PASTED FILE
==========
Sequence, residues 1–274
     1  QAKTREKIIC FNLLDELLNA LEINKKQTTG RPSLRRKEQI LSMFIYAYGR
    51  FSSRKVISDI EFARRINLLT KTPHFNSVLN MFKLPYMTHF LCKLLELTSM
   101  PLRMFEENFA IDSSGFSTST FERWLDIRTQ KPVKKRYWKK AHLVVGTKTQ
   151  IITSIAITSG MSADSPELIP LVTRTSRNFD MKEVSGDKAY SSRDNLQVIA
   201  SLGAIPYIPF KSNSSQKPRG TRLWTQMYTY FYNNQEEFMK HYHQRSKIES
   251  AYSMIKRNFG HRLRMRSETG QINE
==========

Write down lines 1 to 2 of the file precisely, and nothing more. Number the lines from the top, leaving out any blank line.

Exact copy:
Sequence, residues 1–274
     1  QAKTREKIIC FNLLDELLNA LEINKKQTTG RPSLRRKEQI LSMFIYAYGR